When Employees Test Positive for COVID-19
COVID-19 Testing Protocols in the Workplace
The spread of COVID-19 has disrupted many of the routine procedures employers had in place before the pandemic. Workplace safety topics currently revolve around whether it is feasible for a business to go fully or partially remote. Those who have remained in their brick-and-mortar establishments have largely made socially distant work accommodations to help slow the spread of coronavirus among employees.
While employers have a natural incentive to keep their employees safe and healthy to a reasonable degree, they must also now contend with the potential legal liability for COVID-19 outbreaks in the workplace. For these reasons, many employers are contemplating mandatory COVID-19 testing for new hires and current employees. However, what employers ultimately decide to do with the test results may also invite legal liability issues. Below we discuss what employers should know about planning for coronavirus at work.
Is mandatory COVID-19 testing an ADA or HIPAA violation?
The Americans with Disabilities Act prohibits workplace discrimination based on disability, including COVID-19 illness. Under this law, employers can only require mandatory medical examinations or tests if they are job-related and “consistent with business necessity.” However, if a current or potential employee contracts the virus, they pose a direct threat to other employees they may come into contact with within the workplace. For this reason, employers can use COVID-19 tests as a mandatory screening examination.
The Health Insurance Portability and Accountability Act, or HIPAA, requires that individuals’ health information remain protected and confidential. While you should consult with an attorney to confirm your specific circumstances, as a general rule, employment screening services that are not covered or paid for by health insurance are not subject to HIPAA. Regardless, disclosing the health status or related information of a new hire or employee who tests positive for coronavirus is never going to be a good idea. Even when HIPAA does not apply, there are numerous other laws that govern the protection and/or disclosure of personally identifiable information.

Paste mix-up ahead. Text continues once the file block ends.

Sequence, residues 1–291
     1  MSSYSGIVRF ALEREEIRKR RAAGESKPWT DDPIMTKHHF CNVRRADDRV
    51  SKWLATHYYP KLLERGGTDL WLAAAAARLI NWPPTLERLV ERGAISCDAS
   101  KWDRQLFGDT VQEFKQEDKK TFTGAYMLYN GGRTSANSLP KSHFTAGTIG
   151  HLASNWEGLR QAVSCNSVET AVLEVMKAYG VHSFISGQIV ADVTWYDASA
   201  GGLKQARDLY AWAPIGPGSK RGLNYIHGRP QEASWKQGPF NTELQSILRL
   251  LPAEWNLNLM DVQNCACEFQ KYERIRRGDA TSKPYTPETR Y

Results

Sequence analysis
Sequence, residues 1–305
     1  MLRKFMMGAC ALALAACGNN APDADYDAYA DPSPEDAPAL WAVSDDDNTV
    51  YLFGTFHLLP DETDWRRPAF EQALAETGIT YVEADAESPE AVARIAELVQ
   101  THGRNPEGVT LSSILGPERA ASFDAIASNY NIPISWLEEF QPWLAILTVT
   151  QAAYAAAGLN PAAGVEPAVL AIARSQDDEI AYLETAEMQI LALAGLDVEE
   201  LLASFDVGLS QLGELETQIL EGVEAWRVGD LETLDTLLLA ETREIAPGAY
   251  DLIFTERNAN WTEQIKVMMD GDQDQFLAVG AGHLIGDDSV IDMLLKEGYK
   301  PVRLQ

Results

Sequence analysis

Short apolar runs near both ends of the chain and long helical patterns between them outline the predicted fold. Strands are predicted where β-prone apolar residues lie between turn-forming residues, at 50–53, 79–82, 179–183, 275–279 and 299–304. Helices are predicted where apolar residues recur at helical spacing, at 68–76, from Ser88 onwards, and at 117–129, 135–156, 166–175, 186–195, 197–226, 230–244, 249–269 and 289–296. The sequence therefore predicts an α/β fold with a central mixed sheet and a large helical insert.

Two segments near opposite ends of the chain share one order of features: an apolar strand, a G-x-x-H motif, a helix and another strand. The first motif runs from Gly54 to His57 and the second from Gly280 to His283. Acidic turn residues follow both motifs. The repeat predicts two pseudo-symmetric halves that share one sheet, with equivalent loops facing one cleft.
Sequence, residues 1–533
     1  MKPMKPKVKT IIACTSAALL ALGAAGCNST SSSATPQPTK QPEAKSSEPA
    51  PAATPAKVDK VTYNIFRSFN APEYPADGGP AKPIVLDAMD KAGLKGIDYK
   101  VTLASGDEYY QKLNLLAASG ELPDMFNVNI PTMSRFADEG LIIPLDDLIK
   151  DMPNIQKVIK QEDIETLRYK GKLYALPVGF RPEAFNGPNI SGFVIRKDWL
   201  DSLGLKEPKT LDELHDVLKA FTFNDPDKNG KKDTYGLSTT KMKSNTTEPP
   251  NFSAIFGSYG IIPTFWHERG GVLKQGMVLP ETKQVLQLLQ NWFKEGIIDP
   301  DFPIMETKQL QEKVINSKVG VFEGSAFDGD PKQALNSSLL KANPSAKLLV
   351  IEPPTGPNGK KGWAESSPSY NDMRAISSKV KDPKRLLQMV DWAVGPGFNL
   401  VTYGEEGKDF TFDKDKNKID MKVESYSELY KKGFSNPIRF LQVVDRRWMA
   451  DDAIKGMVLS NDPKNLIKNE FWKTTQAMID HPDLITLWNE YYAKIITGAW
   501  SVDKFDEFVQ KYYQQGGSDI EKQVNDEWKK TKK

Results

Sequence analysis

Should COVID-19 testing be a part of the onboarding process?
Since employers can legally mandate COVID-19 testing, many employers may consider incorporating the test into the hiring and onboarding processes. The Equal Opportunity and Employment Commission, or EEOC, states that employers can screen job applicants for COVID-19 after making a conditional job offer, so long as the test is administered to all entering applicants in the same type of job. Conducting COVID-19 tests before bringing a new hire on may help slow the spread of coronavirus in the workplace, protecting current employees from the disease, in addition to protecting the company from legal liability if an outbreak were to occur. Other employers may find that COVID-19 Antibody Testing is more appropriate.
What should an employer do if a new hire tests positive for COVID-19?
The EEOC also states that employers can withdraw a job offer if an applicant tests positive for coronavirus and if the job opening in question must be filled immediately. Otherwise, an employer can opt to defer employment until the applicant recovers or tests negative for the coronavirus at a later date.
Employers should be aware that if they must withdraw a job offer, an applicant may still bring a discrimination suit against them. One of the best ways to avoid this situation is by providing the applicant with a detailed document outlining the reason for the rescinded job offer. This type of document may help the applicant secure Pandemic Unemployment Assistance in the interim period between jobs, thus reducing the likelihood of their filing a civil suit against the employer.
If a new hire develops symptoms of COVID-19 after accepting a job offer and beginning to work on-site, employers should immediately separate the new hire from other employees and clients. Ideally, the new hire should be tested for COVID-19 again, although employers cannot require a positive test result to justify sick leave. The new hire should isolate at home and return to work once they meet certain criteria laid out per the CDC’s official guidelines.
Employers do not necessarily have to shut down after discovering that a new hire tests positive or displays symptoms of coronavirus. However, the areas used by the sick employee should be roped off for 24 hours (or as long as possible) before being thoroughly cleaned and disinfected. Employers should also notify other employees of a potential case of coronavirus in the workplace without violating the confidentiality requirements granted to the sick employee under HIPAA.
To what extent are employers liable for COVID-19 outbreaks in the workplace?
Under the federal Occupational Safety and Health Act or OSHA, employers have a general duty to provide their employees a work environment that is “free from recognized hazards that are causing or are likely to cause death or serious physical harm to his employees.” This means that employers may be held legally liable for coronavirus outbreaks that can be traced back to their buildings or facilities. Thus, social distancing may not be enough to protect a business from legal consequences associated with COVID-19. Employers should be especially vigilant when it comes to planning for coronavirus at work and its legal implications at this time.